Bayer Leverkusen were beaten 2-1 in their own backyard – our current manager netted one of the goals – and there would be a memorable win over the UEFA Cup holders, Parma, and emphatic victories over PSV Eindhoven and Sturm Graz too.
However, although we came close to making the knockout stages and played some fantastic football, it was Alex McLeish that was at the helm when Rangers made history in season 2005/06. A draw at home against Inter Milan was enough to take Rangers through, becoming the first Scottish club to make the Champions League knockout stages in the process.
McLeish is also the only manager to have successfully taken us into the next round in Europe by winning a penalty shoot-out. That came against CS Maritimo in 2004. Perhaps Giovanni van Bronckhorst will join him on Thursday should we need ‘kicks from the penalty mark’ to get past RB Leipzig?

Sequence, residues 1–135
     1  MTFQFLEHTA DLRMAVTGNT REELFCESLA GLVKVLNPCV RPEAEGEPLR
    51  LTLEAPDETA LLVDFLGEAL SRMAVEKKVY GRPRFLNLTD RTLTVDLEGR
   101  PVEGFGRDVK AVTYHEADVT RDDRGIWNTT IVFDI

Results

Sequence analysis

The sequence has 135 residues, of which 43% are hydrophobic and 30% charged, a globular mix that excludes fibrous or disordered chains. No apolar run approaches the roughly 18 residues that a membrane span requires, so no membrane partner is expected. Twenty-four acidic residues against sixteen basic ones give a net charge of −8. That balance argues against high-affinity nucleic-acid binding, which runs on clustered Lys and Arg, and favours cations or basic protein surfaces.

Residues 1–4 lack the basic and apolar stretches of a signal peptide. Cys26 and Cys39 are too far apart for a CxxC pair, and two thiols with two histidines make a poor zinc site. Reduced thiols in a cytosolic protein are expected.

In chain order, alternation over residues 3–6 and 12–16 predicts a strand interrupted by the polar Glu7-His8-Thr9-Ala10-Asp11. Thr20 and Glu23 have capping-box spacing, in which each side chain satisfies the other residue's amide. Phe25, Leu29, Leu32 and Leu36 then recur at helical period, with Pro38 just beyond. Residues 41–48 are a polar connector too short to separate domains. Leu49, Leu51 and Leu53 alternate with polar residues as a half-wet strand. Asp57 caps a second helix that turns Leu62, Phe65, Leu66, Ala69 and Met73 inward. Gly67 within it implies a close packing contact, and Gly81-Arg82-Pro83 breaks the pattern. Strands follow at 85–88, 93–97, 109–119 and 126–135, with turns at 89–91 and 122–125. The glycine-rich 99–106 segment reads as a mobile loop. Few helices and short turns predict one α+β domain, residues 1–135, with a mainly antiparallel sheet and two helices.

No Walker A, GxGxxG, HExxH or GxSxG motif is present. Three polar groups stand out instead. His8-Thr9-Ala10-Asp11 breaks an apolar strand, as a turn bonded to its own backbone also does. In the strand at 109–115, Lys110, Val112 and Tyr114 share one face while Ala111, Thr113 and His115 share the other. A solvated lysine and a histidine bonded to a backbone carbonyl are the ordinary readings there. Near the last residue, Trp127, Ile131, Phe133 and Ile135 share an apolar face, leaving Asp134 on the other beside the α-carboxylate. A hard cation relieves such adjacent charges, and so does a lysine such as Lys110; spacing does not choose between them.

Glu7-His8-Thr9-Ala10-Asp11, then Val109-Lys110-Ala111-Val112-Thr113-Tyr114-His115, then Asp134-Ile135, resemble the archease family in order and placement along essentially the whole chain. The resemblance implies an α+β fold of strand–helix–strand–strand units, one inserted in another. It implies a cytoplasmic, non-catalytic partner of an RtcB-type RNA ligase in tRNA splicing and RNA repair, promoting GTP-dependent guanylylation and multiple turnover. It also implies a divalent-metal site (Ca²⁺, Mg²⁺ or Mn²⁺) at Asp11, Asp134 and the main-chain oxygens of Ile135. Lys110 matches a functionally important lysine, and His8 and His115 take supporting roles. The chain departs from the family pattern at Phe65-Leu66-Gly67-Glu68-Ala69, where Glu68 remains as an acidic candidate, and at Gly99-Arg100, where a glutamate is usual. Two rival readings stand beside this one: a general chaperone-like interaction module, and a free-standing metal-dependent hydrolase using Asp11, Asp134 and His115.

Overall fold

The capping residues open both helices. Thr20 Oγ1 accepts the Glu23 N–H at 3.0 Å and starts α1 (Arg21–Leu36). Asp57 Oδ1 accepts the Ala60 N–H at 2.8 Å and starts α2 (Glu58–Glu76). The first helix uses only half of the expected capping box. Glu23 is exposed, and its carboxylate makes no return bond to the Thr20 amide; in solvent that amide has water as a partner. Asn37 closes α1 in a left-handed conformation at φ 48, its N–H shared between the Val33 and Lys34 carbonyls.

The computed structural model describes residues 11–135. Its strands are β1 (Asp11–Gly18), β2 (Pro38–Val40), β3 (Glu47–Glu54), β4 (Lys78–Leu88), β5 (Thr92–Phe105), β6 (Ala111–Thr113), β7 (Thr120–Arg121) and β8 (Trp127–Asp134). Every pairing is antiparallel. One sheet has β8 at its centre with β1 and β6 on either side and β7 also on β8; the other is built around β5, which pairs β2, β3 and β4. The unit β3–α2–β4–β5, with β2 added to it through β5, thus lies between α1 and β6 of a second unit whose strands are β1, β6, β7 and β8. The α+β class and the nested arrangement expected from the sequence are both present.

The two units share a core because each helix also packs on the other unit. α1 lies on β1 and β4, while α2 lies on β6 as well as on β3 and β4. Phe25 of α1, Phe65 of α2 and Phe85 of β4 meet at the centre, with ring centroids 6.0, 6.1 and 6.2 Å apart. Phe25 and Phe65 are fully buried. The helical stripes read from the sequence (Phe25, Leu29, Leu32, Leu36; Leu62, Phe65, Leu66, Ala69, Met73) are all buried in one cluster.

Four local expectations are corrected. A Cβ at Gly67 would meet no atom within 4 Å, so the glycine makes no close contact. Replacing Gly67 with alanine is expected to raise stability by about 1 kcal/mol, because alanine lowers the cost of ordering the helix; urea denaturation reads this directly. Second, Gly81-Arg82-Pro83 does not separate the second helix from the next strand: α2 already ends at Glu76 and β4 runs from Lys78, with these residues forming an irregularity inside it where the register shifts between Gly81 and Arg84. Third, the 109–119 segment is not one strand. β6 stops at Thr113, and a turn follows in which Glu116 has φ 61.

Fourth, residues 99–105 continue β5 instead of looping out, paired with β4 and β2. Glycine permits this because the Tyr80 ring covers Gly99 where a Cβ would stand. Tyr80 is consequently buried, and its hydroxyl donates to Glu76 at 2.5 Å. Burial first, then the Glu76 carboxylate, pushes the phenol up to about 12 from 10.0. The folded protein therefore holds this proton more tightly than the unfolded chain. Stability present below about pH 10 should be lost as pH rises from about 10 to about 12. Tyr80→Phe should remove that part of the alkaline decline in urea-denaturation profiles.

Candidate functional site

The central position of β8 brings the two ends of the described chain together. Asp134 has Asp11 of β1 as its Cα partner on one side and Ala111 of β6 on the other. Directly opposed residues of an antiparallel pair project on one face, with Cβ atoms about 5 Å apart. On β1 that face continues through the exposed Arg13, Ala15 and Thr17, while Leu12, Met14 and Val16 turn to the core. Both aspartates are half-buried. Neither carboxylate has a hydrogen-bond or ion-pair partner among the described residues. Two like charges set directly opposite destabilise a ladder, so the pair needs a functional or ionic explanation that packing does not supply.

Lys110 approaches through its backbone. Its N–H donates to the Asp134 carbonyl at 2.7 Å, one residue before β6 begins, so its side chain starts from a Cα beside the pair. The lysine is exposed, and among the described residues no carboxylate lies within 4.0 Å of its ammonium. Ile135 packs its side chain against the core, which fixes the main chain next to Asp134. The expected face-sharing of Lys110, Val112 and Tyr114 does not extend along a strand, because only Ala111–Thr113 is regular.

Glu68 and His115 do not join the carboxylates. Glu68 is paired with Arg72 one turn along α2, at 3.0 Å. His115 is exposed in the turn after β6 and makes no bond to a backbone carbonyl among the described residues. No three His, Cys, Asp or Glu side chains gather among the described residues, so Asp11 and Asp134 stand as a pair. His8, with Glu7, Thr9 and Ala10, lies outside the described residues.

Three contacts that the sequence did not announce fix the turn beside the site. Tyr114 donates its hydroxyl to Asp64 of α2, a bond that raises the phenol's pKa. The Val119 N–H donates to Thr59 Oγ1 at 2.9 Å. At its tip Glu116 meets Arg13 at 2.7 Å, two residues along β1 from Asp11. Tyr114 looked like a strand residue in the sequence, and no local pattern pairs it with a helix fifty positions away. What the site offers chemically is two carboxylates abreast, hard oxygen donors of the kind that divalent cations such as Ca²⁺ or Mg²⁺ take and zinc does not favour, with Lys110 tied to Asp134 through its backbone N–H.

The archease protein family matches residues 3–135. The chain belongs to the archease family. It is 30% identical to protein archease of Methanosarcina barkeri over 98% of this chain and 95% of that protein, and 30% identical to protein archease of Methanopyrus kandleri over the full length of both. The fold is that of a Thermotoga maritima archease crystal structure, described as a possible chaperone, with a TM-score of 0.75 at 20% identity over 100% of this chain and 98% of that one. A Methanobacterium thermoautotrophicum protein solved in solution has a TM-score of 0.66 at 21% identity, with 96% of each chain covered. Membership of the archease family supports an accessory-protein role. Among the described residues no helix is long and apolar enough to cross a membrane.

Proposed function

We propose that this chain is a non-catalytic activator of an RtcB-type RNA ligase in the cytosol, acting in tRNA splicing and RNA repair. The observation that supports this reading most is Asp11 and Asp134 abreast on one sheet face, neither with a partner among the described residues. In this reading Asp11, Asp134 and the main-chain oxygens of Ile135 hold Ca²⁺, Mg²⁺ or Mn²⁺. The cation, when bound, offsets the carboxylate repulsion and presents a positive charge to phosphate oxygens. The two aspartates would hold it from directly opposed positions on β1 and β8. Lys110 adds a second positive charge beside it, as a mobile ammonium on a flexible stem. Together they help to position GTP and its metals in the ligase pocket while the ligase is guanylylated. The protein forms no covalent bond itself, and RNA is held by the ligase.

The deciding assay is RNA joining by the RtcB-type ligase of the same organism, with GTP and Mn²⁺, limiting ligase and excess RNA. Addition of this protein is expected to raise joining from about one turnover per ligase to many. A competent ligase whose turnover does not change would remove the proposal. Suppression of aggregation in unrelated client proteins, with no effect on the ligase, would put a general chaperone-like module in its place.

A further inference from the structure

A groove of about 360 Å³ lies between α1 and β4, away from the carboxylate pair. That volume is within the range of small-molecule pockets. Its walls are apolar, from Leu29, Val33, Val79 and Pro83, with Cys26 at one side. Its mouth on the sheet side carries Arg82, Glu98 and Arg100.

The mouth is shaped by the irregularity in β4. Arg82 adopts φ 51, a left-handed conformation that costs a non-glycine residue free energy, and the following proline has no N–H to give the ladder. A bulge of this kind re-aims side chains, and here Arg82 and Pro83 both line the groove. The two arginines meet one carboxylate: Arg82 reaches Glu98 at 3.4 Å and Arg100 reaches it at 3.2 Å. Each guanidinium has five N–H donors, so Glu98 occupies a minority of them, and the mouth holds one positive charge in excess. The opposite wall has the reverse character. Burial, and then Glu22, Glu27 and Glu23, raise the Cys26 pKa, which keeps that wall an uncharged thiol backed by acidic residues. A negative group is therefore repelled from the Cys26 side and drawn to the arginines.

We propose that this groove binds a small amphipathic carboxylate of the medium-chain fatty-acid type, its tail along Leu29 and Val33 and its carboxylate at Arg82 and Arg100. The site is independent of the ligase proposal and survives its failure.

Under Advocaat, Rangers’ record in Europe read:
WALTER (2nd SPELL)
Looking at the numbers for European games during Walter’s second spell as the Rangers manager, it didn’t come as a surprise to see so many drawn matches! He set his side up to play to their strengths, which at that time at that level was obdurate and stoic defence. It was, of course, successful, the run to Manchester in 2008 being built on this foundation.
But there were some memorable victories too. Beating Lyon 3-0 in France sticks out as do the 2-0 wins over Werder Bremen and Sporting Lisbon. There were some chastening defeats, though, and few will wish to be reminded of the 4-1 loss at home to Unirea Urziceni or the 2-1 defeat against Zalgiris Kaunas in Lithuania.
PROGRESS SINCE PROGRES
The genesis of the idea for this article came when someone commented that our record in Europe since Steven Gerrard took over as manager must rank at the top end of our achievements at this level. They weren’t wrong!